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In the early twentieth century, the art world was captivated by the imaginative, totally original paintings of Henri Rousseau, who, seemingly without formal art training, produced works that astonished not only the public but great artists such as Pablo Picasso. Samuel Fuller (1912-1997) is known as the "Rousseau of the cinema," a mostly "B" genre Hollywood moviemaker deeply admired by "A" filmmakers as diverse as Jim Jarmusch, Martin Scorsese, Francois Truffaut, Jean-Luc Godard, and John Cassavetes, all of them dazzled by Fuller's wildly idiosyncratic primitivist style.
A high-school dropout who became a New York City tabloid crime reporter in his teens, Fuller went to Hollywood and made movies post-World War II that were totally in line with his exploitative newspaper work: bold, blunt, pulpy, excitable. The images were as shocking, impolite, and in-your-face as a Weegee photograph of a gangster bleeding on a sidewalk. Fuller, who made twenty-three features between 1949 and 1989, is the very definition of a "cult" director, appreciated by those with a certain bent of subterranean taste, a penchant for what critic Manny Farber famously labeled as "termite art."
Here are some of the crazy, lurid, comic-book titles of his movies: Shock Corridor, The Naked Kiss, Verboten!, Pickup on South Street. Fuller isn't for everybody. His fans have to appreciate low-budget genre films, including westerns and war movies, and make room for some hard-knuckle, ugly bursts of violence. They also have to make allowance for lots of broad, crass acting, and scripts (all Fuller-written) that can be stiff, sometimes campy, often laboriously didactic. Fuller is for those who love cinema--images that jump, shout, dance. As he put it in his famous cigar-chomping cameo, acting in Jean-Luc Godard's Pierrot le fou (1965): "Film is like a battleground . . . love, hate, violence, death. In a single word: emotion."
After directing, Sam Fuller's greatest skill was conversation. He could talk, talk, talk, from his amazing experiences fighting in World War II to the time his brother-in-law dated Marilyn Monroe, and vivid stories about his moviemaking. Samuel Fuller: Interviews, edited by Gerald Peary, is not only informative about the filmmaker's career but sheer fun, following the wild, totally uninhibited stream of Fuller's chatter. He was an incredible storyteller, and, no matter the interview, he had stories galore for all sorts of readers, not just academics and film historians.
John Ford's classic films--such as Stagecoach The Grapes of Wrath How Green Was My Valley The Quiet Man and The Searchers have earned him worldwide admiration as America's foremost filmmaker, a director whose rich visual imagination conjures up indelible, deeply moving images of our collective past. Joseph McBride's Searching for John Ford , described as definitive by both the New York Times and the Irish Times surpasses all other biographies of the filmmaker in its depth, originality, and insight. Encompassing and illuminating Ford's myriad complexities and contradictions, McBride traces the trajectory of Ford's life from his beginnings as "Bull" Feeney, the nearsighted, football-playing son of Irish immigrants in Portland, Maine, to his recognition, after a long, controversial, and much-honored career, as America's national mythmaker. Blending lively and penetrating analyses of Ford's films with an impeccably documented narrative of the historical and psychological contexts in which those films were created, McBride has at long last given John Ford the biography his stature demands.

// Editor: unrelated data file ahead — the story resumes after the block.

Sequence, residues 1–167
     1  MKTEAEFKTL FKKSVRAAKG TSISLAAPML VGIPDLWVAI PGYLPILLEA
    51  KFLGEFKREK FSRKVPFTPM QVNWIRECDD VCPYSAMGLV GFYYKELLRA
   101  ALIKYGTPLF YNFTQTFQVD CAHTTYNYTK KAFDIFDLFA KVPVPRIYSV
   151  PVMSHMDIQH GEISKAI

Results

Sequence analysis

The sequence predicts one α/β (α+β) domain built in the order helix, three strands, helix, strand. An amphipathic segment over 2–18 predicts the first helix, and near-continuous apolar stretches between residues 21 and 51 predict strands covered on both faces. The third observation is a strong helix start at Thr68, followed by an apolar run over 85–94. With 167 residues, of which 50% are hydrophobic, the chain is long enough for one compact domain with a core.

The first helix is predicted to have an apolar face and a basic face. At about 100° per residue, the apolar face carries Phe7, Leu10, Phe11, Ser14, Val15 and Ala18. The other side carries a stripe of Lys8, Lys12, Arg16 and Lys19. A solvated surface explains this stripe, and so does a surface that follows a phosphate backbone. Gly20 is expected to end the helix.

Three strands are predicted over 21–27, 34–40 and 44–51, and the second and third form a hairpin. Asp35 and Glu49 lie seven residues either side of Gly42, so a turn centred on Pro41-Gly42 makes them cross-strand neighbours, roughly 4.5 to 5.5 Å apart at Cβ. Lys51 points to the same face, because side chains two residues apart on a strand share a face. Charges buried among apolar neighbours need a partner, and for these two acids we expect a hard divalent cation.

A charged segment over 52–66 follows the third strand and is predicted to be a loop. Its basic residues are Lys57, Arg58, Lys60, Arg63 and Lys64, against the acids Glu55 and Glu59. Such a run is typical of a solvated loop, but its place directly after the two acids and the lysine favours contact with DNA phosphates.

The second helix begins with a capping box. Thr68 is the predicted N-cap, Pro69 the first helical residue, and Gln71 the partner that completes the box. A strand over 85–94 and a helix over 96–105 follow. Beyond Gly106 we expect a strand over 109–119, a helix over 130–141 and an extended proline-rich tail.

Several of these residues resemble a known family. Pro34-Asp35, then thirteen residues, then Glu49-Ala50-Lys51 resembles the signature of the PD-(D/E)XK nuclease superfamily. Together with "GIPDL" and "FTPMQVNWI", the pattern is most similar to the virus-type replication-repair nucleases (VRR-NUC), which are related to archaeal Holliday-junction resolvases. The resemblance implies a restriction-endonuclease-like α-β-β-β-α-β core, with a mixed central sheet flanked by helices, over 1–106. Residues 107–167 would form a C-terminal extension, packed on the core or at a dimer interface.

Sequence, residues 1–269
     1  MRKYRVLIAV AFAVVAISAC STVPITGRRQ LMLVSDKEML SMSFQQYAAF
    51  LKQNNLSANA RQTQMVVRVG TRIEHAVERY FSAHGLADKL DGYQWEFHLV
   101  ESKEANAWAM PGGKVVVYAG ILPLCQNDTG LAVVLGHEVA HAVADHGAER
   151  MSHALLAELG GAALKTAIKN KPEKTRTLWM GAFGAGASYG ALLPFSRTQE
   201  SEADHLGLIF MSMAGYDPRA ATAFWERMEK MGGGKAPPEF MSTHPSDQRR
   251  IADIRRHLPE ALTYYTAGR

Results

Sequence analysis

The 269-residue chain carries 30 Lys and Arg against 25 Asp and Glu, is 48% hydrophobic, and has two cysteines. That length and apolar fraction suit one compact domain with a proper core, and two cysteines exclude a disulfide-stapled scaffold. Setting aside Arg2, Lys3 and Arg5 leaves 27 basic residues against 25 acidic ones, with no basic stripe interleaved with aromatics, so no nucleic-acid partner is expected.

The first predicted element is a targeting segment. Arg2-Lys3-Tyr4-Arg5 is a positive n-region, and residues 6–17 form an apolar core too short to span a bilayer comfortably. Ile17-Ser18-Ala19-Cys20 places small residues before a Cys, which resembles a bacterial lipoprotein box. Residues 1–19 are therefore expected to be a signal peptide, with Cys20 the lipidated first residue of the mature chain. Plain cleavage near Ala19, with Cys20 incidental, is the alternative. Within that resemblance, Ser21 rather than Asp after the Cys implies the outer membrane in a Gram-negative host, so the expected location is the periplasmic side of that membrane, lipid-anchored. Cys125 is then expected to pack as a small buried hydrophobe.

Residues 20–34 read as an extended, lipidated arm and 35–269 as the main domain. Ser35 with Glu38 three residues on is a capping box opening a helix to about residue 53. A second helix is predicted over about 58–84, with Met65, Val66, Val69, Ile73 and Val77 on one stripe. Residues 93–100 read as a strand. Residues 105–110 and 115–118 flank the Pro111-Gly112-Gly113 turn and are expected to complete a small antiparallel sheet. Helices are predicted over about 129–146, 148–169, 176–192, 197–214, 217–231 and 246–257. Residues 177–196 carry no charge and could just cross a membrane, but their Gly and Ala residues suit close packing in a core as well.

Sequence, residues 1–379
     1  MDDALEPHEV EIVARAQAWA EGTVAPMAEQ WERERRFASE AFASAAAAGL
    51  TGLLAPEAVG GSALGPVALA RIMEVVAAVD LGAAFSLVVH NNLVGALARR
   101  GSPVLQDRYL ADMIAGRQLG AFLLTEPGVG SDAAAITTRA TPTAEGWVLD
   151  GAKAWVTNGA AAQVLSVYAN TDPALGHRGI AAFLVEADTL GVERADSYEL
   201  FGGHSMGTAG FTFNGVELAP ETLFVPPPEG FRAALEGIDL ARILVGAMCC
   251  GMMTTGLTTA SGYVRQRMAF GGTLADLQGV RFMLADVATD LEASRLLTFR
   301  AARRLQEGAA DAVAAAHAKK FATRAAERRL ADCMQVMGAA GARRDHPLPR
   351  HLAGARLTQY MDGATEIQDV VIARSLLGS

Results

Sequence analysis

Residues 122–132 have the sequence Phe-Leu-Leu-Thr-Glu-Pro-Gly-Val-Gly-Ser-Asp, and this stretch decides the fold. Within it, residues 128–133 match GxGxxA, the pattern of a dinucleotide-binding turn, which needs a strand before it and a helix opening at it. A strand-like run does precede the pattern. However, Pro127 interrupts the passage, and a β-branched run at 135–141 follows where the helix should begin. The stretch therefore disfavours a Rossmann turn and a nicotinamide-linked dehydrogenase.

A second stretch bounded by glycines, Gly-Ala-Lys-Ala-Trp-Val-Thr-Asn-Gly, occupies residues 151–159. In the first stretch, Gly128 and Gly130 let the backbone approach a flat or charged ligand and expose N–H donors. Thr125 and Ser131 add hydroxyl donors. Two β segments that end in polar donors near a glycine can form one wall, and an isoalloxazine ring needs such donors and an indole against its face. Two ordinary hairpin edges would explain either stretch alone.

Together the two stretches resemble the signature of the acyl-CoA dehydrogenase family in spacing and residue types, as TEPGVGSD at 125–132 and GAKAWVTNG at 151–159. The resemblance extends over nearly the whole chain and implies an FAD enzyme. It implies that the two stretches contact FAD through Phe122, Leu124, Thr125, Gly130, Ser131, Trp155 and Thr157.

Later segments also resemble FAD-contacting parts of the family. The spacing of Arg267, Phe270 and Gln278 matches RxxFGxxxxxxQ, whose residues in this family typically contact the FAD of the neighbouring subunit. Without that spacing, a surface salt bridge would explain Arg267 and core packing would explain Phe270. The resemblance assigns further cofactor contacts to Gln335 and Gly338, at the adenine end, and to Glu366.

The Lives of Eva Le Gallienne
The first full-length biography of stage actress Eva Le Gallienne traces her life from her birth into the troubled but fascinating household of Richard Le Gallienne, British writer and intimate member of the Oscar Wilde circle, to her recent death.
A Writer in Early Hollywood
" Freddie Maas's revealing memoir offers a unique perspective on the film industry and Hollywood culture in their early days and illuminates the plight of Hollywood writers working within the studio system. An ambitious twenty-three-year-old, Maas moved to Hollywood and launched her own writing career by drafting a screenplay of the bestselling novel The Plastic Age for ""It"" girl Clara Bow. On the basis of that script, she landed a staff position at powerhouse MGM studios. In the years to come, she worked with and befriended numerous actors and directors, including Norma Shearer, Joan Crawford, and Eric von Stroheim, as well as such writers and producers as Thomas Mann and Louis B. Mayer. As a professional screenwriter, Fredderica quickly learned that scripts and story ideas were frequently rewritten and that screen credit was regularly given to the wrong person. Studio executives wanted well-worn plots, but it was the writer's job to develop the innovative situations and scintillating dialogue that would bring to picture to life. For over twenty years, Freddie and her friends struggled to survive in this incredibly competitive environment. Through it all, Freddie remained a passionate, outspoken woman in an industry run by powerful men, and her provocative, nonconformist ways brought her success, failure, wisdom, and a wealth of stories, opinions, and insight into a fascinating period in screen history.